Monitoring Distribution: Enterprise As Regular Vs. Heroic Revenue

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Our Funds’ Distribution Sources: How Stable Are They?

[This article was originally published May 21, for members and trial subscribers of our Inside the Income Factory service.]

Our Income Factory strategy rests on the idea that (1) an asset’s value (be it a stock portfolio, a manufacturing plant, an office building or shopping center, or an oil well, etc.) depends on its ability to generate cash income over time; and (2) as long as it is doing that, then the short-term re-sale value the market puts on the particular asset is pretty irrelevant.

This all assumes, of course, that our stocks or funds keep paying their distributions, or that the tenants of our office buildings and shopping centers keep paying their rents, or our oil wells and factories keep producing, etc.

In the high-yield markets that we participate in – closed-end funds, business development companies (“BDCs”), etc. – that means focusing on the distribution stability of our funds and other investments. That requires us to look closely at the source of those distributions. Especially, we want to see whether the distribution depends on largely predictable, “business as usual” income sources; or whether it depends on more than just “business as usual,” and instead requires performance that is more “heroic” or dependent on factors outside the fund or corporate management’s control.

Sources of Distribution

The “business as usual” sources of income that a fund receives and can then use to pay its distribution are dividend and interest payments on the stocks, bonds or other financial assets it owns. This income, minus the fund’s operating expenses, is called Net Investment Income (or “NII”).

The other component of a fund’s earnings is made up of the capital gains (or losses) on its investment portfolio. This is the appreciation or depreciation in the market value of its assets, and is all part of a fund’s earnings.

These two sources (NII, or cash received from dividends, interest and other distributions, minus expenses) plus capital appreciation (or depreciation), added together, are the “total return” on an investment.

Closed-end funds, as well as similar “investment company” type entities, like BDCs, have to cover their distributions from one or both of those two sources: (1) Net Investment Income (“NII”), or (2) capital appreciation. If they don’t, they will erode their capital base over time, essentially paying out more than they earn, and their investors will see their principal shrink over time (like owning an annuity), even though they may be quite happy with the distribution flow, as long as it lasts. (We’ve discussed this topic at length: here and here, for example.)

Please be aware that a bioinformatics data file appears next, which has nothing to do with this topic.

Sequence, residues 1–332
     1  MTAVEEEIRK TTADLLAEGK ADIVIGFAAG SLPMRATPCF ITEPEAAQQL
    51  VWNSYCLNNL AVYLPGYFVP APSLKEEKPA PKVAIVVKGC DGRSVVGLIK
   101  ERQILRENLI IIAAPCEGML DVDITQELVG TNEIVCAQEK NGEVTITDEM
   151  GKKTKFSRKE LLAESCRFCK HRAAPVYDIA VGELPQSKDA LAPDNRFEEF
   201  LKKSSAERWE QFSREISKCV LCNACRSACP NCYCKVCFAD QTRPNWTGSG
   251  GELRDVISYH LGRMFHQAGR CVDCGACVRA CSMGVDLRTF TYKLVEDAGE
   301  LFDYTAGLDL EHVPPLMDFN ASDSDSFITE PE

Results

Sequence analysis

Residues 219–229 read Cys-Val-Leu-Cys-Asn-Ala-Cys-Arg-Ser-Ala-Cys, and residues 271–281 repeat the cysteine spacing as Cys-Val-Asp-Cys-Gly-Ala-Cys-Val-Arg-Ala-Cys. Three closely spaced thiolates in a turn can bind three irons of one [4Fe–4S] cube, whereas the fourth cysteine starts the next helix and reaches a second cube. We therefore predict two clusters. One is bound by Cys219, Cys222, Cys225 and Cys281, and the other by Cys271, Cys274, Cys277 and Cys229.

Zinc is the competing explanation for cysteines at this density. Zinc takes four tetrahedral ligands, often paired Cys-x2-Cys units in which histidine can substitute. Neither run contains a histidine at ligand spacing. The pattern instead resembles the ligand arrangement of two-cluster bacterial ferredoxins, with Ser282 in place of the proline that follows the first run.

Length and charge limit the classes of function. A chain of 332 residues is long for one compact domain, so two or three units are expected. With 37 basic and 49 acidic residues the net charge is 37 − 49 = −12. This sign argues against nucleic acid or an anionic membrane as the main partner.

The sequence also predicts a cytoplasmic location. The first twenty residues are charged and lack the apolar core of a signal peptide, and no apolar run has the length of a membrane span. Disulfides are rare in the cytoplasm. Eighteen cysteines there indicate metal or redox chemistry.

Some closed-end funds, as well as practically all BDCs, own mostly credit assets (loans, bonds, other fixed income like preferred stock or convertible bonds) and therefore earn virtually all of their own income in the form of interest or dividends. That means the income they rely on to pay us our dividends or distributions comes from relatively steady, “business as usual” sources.

Funds that own stocks live somewhat more dangerously. Many stocks, especially “growth” stocks of the sort most equity funds own, only pay dividends of about 1 or 2% (or less). That means the funds that hold them and pay dividends of 6 or 7% or even more, are counting on their ability to generate capital gains of at least 5 or 6% per year to make up the difference between the dividends they receive on their own investments and the ones they pay out to us.

Managed Distributions: Advantages and Disadvantages

Since capital appreciation doesn’t occur as steadily or predictably as interest and dividend payments, equity funds don’t have as steady an income flow as credit and fixed-income funds. Knowing that closed-end fund investors like steady income flows, even from their equity funds, many equity funds try to “smooth” their payments by adopting a “managed distribution” plan. That’s where they pick a percentage distribution yield that they believe, based on their experience, they can meet over time, even if there are some peaks and valleys between their actual month-to-month cash flow and earnings, and what they pay out to shareholders .

Let’s look at Royce Value Trust (RVT), a highly regarded closed-end fund that has earned an annualized total return of over 10% for the past 35 years. A very distinguished record. It pays a minimum dividend based on a “managed distribution” plan of 7% of a moving average of the fund’s net asset value over the trailing 4 calendar quarters. Its average yield over the past 4 years has been about 8%, but its current distribution is up to almost 10%, not because of increases in the distribution, but because the stock price is down by 25% so far this year.

Here is the problem. Managed distributions seem fine to me as long as they are just leveling off “peaks and valleys” in a fund’s earnings. But if it’s all valley and no peak for a long period of time, and the price of the fund keeps dropping, then every “managed” distribution is being generated by selling off more of the fund’s capital at a lower price.